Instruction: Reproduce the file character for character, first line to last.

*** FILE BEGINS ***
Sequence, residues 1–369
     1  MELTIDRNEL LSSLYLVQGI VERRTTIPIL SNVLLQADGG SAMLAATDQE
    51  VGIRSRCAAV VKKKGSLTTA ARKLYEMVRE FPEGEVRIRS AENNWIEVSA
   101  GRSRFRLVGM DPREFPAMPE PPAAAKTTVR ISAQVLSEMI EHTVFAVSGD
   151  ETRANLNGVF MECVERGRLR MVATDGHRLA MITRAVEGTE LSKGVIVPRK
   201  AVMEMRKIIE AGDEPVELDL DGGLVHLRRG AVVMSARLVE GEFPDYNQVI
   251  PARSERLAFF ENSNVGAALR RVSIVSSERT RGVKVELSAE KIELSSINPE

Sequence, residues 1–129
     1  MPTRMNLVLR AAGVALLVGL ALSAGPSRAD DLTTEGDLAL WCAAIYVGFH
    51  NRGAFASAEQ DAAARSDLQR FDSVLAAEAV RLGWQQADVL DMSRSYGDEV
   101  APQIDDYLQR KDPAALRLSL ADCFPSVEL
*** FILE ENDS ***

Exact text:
Sequence, residues 1–369
     1  MELTIDRNEL LSSLYLVQGI VERRTTIPIL SNVLLQADGG SAMLAATDQE
    51  VGIRSRCAAV VKKKGSLTTA ARKLYEMVRE FPEGEVRIRS AENNWIEVSA
   101  GRSRFRLVGM DPREFPAMPE PPAAAKTTVR ISAQVLSEMI EHTVFAVSGD
   151  ETRANLNGVF MECVERGRLR MVATDGHRLA MITRAVEGTE LSKGVIVPRK
   201  AVMEMRKIIE AGDEPVELDL DGGLVHLRRG AVVMSARLVE GEFPDYNQVI
   251  PARSERLAFF ENSNVGAALR RVSIVSSERT RGVKVELSAE KIELSSINPE

Sequence, residues 1–129
     1  MPTRMNLVLR AAGVALLVGL ALSAGPSRAD DLTTEGDLAL WCAAIYVGFH
    51  NRGAFASAEQ DAAARSDLQR FDSVLAAEAV RLGWQQADVL DMSRSYGDEV
   101  APQIDDYLQR KDPAALRLSL ADCFPSVEL